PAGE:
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Offline TKM

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Modern blade technology
« on: February 26, 2009, 01:19:32 AM »
I've seen a few history channel specials and whatnot on modern forging and technologies that go into making today's top of the line bladed tools such as knives and axes. As an amateur graphic novel writer, I had designed a character who wears modern kevlar-based armor and uses a longsword forged with today's knife technology. I was wondering if anyone could suggest any good research material on how today's best blades are forged and constructed, so I can be sure that my image of this weapon is as accurate as possible.

Offline Chris B

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Re: Modern blade technology
« Reply #1 on: February 26, 2009, 07:16:44 AM »
I am not sure if you're aware of this, but modern kevlar body armor will not stop a knife.  The trama plate will, but a knife can go straight through the armor with a thrust.  Just thought I would point it out in case you did not.  Good luck with the book.
« Last Edit: February 26, 2009, 07:17:00 AM by Chris B »

Offline escherblacksmith

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Re: Modern blade technology
« Reply #2 on: February 26, 2009, 10:07:59 AM »
yeah, what he said . . .

Now, kevlar over/under chain and plate.  Then you got something.

As to the other, for the most part, it isn't all that different.  It is just better controlled.  We could go into the myriad of details of salt baths, cryogenic quenches, super alloys and whatnot.  In the end, it is still geometry of the blade for a purpose and balancing hardness vs toughness in the molecular structure of the steel(s) used.

I am sure there are others here with more information than I who will comment, but the largest online collection of swordsmiths (that I am aware of) is on the Sword Forum.  Do some searches, I am pretty sure you aren't the first author to ask.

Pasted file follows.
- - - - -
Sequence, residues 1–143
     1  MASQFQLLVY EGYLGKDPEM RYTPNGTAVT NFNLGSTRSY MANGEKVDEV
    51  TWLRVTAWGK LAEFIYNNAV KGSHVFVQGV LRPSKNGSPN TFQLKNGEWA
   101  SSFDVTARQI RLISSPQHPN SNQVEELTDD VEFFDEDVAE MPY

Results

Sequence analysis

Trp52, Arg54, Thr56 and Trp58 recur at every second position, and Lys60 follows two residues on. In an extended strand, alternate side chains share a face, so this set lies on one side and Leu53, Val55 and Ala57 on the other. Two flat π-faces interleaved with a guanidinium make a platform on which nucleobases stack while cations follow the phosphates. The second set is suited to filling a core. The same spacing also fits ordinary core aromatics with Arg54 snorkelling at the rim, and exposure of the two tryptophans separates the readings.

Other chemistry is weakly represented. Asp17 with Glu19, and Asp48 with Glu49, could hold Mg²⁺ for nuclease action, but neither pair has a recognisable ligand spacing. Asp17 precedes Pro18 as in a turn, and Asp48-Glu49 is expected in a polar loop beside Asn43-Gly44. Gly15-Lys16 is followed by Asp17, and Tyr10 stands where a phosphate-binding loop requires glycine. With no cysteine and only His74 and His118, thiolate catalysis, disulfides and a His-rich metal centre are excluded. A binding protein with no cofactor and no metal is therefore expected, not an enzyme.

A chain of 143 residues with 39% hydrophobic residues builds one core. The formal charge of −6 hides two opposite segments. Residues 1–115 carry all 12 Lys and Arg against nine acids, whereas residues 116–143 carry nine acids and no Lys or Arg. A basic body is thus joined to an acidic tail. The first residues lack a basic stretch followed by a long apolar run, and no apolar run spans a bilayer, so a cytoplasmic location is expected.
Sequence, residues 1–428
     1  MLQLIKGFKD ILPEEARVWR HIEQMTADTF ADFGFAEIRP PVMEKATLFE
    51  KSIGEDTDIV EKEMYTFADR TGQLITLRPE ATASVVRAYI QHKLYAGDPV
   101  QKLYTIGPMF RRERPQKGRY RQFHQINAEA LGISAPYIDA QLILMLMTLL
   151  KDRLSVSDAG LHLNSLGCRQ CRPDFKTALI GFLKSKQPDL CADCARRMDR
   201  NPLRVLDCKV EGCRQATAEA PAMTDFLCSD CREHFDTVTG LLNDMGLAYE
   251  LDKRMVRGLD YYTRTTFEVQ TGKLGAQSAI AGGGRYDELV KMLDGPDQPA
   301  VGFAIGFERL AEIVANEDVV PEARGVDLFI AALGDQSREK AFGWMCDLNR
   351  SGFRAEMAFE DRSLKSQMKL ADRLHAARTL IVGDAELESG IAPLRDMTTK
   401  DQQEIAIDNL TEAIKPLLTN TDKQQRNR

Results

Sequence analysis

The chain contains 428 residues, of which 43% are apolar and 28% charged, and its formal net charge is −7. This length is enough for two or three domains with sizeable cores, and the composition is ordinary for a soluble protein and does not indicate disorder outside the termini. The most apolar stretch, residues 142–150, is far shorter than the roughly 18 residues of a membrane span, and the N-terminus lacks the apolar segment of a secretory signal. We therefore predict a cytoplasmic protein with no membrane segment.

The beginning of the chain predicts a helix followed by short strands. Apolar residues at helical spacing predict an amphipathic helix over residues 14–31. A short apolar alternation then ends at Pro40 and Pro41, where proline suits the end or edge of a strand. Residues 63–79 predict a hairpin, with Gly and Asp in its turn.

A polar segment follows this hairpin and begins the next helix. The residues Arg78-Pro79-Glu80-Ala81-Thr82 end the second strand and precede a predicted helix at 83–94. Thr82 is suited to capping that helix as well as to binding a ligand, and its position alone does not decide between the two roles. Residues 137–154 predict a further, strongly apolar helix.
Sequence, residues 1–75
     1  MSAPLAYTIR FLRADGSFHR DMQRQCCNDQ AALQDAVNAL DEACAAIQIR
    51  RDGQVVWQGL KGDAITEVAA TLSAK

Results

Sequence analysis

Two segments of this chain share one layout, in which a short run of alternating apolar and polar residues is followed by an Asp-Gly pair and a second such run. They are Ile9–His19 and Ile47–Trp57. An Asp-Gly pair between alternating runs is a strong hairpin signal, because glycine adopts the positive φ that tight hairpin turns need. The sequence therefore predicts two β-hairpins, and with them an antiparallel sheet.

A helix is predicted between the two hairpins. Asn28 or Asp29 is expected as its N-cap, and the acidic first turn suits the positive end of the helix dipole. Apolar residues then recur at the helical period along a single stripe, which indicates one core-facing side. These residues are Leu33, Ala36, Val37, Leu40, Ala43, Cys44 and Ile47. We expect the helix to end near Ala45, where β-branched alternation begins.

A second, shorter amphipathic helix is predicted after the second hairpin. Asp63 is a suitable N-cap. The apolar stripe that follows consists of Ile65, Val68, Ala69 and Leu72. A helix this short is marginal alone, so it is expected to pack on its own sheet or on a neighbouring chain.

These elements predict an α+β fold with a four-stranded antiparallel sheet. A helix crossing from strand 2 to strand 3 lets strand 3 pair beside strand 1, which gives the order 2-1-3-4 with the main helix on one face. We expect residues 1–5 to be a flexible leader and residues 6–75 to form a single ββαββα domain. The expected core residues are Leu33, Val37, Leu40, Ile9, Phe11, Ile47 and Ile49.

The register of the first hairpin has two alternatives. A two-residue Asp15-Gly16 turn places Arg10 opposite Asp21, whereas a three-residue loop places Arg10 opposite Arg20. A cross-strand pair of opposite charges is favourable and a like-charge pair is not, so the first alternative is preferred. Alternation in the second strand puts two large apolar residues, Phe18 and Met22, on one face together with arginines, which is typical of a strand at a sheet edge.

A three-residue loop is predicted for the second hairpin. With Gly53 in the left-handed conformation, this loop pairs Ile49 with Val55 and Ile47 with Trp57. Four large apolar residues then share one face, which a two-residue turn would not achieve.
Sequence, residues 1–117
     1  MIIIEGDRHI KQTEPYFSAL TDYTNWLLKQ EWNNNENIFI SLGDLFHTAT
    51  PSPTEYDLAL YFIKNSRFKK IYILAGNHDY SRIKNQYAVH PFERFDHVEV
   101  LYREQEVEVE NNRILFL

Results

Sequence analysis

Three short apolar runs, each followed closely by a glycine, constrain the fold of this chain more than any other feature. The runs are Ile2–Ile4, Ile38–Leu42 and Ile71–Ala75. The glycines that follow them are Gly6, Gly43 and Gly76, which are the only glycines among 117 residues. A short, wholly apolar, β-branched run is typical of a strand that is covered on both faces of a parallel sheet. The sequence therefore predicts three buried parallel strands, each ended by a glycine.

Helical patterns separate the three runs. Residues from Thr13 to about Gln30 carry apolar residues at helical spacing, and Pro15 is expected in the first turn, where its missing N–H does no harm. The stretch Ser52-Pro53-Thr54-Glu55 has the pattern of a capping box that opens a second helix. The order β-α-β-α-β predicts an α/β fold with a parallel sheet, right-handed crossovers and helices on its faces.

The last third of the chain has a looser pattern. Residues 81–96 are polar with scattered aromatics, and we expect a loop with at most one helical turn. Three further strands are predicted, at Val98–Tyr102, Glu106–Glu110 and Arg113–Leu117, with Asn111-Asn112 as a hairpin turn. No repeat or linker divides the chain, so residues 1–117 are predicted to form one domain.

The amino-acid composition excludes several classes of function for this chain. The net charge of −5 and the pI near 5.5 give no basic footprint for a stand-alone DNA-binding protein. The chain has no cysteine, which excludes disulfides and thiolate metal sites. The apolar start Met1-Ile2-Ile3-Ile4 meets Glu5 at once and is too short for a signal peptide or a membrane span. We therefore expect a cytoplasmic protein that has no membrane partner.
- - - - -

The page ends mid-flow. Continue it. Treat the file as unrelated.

Good Luck!
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Offline SirRichardBear

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Re: Modern blade technology
« Reply #3 on: February 26, 2009, 10:46:29 AM »
While Kevlar will not stop a thrust it is cut resistance so does provide some limited protection when backed by the new composite plates it make fair armor against knifes. 

There are many techniques to forge a sword even if they all follow the same basic pattern asking which is better is like asking a bowler which wood makes the best bow you will get as many answers as people you ask.
Beware of him that is slow to anger: He is angry for something, and will not be pleased for nothing.
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Offline Chris B

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Re: Modern blade technology
« Reply #4 on: February 26, 2009, 10:52:37 AM »
Now, kevlar over/under chain and plate.  Then you got something.

I actually have thought about that myself.  Not wanting to stray off the original topic, but a modern law enforcement IIIA vest is much the same shape and look of a Roman subarmalis worn underneath Lorica Hamata.  It would probably spread the weight of the maille much like an ancient subarmor or gambeson and add ballistic protection as well.  Of course the reality is that the weight v benefits isn't worth it, but it is a cool thought none-the-less. 

Offline TKM

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Re: Modern blade technology
« Reply #5 on: February 26, 2009, 11:00:02 AM »
Yeah, I didn't mean the armor was pure kevlar. There's a balance of steel plates and such... one of the history channel reports I watched was on Batman tech, and it described in full detail how the armor in the Dark Knight was supposedly constructed, and I was thinking somewhere along those lines.

Thanks for the link, escher. I'll give that a look right now.

Offline ALS

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Re: Modern blade technology
« Reply #6 on: February 26, 2009, 11:20:43 AM »
The technology hasn't yielded " super blades " if thats what you're asking. Temper on moder blades may be  bit  more even due to improvements in teperture controls and more uniform quality steels but the net result is still pretty much the same thing in most respects to a knife or sword 300 years ago. In sword manufacturing today outside of the cheapo Pacific rim wall banger blades, upper end makers are looking for historical accuracy rather than trying to create super blades, the focus is on recreating not new creation. Knives break down to some done as historical recreations and art knives. Art knives are freeform for the mosr part, patternwelded steel for blades is popular right now, rare materials for hilts like fossilized mastadon tusk and things like that. Art knives can be folders or fixed blades but a based on the makers whims. In the end they're all still steel cutting tools that will cut the same things and little more that blades 300-400-700 years ago would.